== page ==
- They work better. Randomized clinical trials have shown better results with these two procedures, compared to the UP3 procedure.
- These procedures likely carry lower risks than UP3 because they entail tissue repositioning and less tissue removal.
Our experts have unmatched experience with performing tongue region procedures. Two-thirds of patients who have sleep apnea experience obstructed breathing in the tongue region, according to research. Until recently, it had not been possible to treat blockage of this type with surgery. Over the past 20 years, a number of procedures specific to treating this region have been developed. Studies show that combining these procedures with palate surgery improves results.
Blockage in the tongue region can be caused by different structures, including the tongue itself, the sides of the throat and the epiglottis (a structure that functions like a trap door covering the windpipe so that food and liquids do not enter the lungs).
The most common procedures to treat structural issues in the tongue region are:
An epiglottidectomy involves partial removal of the epiglottis. This is a structure in the throat that covers the windpipe so food does not enter the lungs. The procedure is performed through the open mouth without any skin incisions and may involve use of a laser or other method to remove a portion of the epiglottis.
In a genioglossus advancement procedure, the section where the genioglossus – the largest muscle of the tongue – attaches to the lower jaw is moved forward. This procedure creates more room for the tongue to relax during sleep without obstructing the throat. The surgery also enlarges and stabilizes the airway.
The hyoid bone (U-shaped bone in the neck located above the thyroid cartilage) is not firmly anchored, and it may collapse more easily during sleep, causing breathing obstruction. The hyoid suspension procedure secures the hyoid bone to the thyroid cartilage reducing airway obstruction.
In some patients, the lingual tonsils (tonsil tissue located on the back of the tongue) may be enlarged, which may contribute to obstruction of the airway during sleep. In a lingual tonsillectomy, the lingual tonsil is removed to enlarge the airway behind the tongue.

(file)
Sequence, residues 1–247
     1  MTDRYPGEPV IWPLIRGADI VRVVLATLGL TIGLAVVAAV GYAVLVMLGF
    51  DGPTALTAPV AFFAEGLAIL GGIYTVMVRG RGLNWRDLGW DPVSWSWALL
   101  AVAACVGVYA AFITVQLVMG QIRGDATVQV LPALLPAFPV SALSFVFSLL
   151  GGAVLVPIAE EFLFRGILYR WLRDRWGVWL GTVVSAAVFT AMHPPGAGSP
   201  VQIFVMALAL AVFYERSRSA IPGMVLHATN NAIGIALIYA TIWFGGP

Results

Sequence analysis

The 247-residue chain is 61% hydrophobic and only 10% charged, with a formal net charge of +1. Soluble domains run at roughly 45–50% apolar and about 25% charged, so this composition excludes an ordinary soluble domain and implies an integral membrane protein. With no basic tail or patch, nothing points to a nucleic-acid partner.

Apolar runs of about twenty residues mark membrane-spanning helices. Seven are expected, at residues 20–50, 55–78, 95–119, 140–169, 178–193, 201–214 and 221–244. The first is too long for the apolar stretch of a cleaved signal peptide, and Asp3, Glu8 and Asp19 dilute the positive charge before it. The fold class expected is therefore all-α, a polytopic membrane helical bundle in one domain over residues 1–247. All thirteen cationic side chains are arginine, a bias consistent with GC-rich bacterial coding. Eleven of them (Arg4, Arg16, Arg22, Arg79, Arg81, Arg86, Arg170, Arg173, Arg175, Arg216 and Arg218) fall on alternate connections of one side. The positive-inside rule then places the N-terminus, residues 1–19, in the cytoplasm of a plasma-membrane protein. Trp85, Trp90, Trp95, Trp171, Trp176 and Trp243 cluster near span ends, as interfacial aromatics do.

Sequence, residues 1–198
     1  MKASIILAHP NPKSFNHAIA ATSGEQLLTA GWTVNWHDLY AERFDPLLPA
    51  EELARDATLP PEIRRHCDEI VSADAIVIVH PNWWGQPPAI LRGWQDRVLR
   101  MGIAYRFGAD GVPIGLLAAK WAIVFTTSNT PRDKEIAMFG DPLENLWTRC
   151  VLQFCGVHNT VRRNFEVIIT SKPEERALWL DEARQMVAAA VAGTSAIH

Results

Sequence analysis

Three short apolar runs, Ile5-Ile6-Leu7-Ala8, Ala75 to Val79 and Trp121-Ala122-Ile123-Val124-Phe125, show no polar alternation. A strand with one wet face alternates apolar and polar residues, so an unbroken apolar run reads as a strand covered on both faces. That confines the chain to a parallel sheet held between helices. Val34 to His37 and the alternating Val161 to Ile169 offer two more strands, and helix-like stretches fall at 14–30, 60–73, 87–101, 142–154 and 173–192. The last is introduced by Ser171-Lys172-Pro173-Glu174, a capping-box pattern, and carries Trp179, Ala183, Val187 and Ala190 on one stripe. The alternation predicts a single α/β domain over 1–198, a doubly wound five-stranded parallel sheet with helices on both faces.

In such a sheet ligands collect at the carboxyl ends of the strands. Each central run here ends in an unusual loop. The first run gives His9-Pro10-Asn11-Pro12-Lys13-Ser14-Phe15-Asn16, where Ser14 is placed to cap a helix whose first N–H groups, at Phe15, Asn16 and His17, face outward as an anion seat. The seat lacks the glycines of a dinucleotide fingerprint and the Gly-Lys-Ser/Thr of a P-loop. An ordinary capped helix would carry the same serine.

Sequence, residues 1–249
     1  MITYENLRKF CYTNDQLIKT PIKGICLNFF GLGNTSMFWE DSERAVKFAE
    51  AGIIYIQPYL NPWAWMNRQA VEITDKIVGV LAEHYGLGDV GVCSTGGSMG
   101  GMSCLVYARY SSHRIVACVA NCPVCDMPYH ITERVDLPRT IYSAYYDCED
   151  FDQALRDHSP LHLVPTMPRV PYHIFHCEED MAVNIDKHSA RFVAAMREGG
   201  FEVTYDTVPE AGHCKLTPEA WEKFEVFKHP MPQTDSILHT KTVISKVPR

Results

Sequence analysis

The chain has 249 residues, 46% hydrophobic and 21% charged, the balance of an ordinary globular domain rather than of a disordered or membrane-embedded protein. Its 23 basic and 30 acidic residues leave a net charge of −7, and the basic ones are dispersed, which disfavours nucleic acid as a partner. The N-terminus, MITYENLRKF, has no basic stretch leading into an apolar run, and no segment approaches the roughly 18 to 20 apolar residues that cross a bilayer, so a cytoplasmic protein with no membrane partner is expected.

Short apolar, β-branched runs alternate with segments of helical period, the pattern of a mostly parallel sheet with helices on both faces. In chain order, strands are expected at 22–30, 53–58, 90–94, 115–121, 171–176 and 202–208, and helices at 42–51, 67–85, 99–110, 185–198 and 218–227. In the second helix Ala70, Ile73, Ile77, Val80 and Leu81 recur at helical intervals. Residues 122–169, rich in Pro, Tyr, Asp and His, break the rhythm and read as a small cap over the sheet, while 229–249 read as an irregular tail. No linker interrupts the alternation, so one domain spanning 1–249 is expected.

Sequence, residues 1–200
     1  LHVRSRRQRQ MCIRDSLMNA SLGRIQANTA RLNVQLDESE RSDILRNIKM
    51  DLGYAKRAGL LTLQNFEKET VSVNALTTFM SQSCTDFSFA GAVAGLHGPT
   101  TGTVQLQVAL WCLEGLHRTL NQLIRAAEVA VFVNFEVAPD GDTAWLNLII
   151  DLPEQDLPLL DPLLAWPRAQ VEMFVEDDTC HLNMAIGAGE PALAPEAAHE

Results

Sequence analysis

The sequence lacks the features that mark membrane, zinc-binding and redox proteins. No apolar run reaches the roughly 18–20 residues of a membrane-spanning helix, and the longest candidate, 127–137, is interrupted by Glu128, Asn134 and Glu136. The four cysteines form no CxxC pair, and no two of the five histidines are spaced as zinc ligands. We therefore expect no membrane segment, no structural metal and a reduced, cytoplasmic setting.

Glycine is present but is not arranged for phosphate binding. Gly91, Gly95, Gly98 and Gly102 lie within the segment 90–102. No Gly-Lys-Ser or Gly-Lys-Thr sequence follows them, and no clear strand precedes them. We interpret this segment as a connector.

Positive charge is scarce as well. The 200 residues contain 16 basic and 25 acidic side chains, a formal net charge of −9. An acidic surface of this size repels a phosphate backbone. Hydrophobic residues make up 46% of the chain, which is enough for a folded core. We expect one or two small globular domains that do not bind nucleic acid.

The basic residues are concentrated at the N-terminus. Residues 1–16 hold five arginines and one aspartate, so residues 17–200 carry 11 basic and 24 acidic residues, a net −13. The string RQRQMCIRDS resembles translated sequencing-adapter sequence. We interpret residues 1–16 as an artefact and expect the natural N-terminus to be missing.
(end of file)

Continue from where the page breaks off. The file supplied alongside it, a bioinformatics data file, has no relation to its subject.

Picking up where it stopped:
Midline glossectomy (using various techniques including submucosal lingualplasty) is performed in patients with large tongues wherein the size of the tongue contributes to obstruction in sleep apnea. This procedure involves removing portions of the middle and back of the tongue. For extensive procedures, the major blood vessels and nerves are identified via ultrasound prior to the procedure and are protected during the procedure.
Tongue radiofrequency is used to tighten and shrink tongue tissues by a controlled cauterization that creates scar tissue. The procedure makes the tongue less likely to fall backward and block breathing during sleep. It may be performed in two to four treatment sessions in an operating room or outpatient clinic without requiring general anesthesia or sedation.
This procedure is often performed in patients who have not obtained relief from other procedures for sleep apnea. In this procedure, the upper and lower jaws are moved forward enlarging the airway in both the palate and tongue regions. It may also be a first-line treatment for patients who have jaw abnormalities.
USC Sleep Disorders Center
Staffed by board-certified sleep specialists and registered polysomnographic technologists, the USC Sleep Disorders Center delivers a high-quality patient experience.
The center offers sleep studies performed in the four-bed sleep laboratory or in a patient’s own bed at home. Home sleep studies generally monitor breathing patterns, oxygen levels and heart rhythms. Studies in the sleep laboratory are more detailed and include brain wave and eye movement monitors. Sleep studies are necessary to diagnose snoring, obstructive sleep apnea and numerous other sleep disorders. Individuals with sleep irregularities manifested by excessive daytime sleepiness, excessive snoring, witnessed apneas, morning headaches, insomnia and/or abnormal nocturnal movements or behaviors would benefit from a comprehensive sleep evaluation.
Our sleep specialists conduct studies and provide treatments for numerous disorders, including:
- Sleep apnea
- Hypnotic dependent sleep disorder
- Idiopathic hypersomnia
- Kleine-Levin syndrome
- Circadian sleep rhythm disorders
- Delayed and advanced sleep phase syndrome
- Shift-work sleep disorder
- Jet lag
- Irregular sleep wake pattern
- Periodic leg movement disorder
- Restless leg syndrome
- Sleep walking
- Sleep eating
- Sleep paralysis
- REM behavior disorder
- Sleep bruxism
- Pulmonary hypertension with sleep apnea
- Heart failure with sleep apnea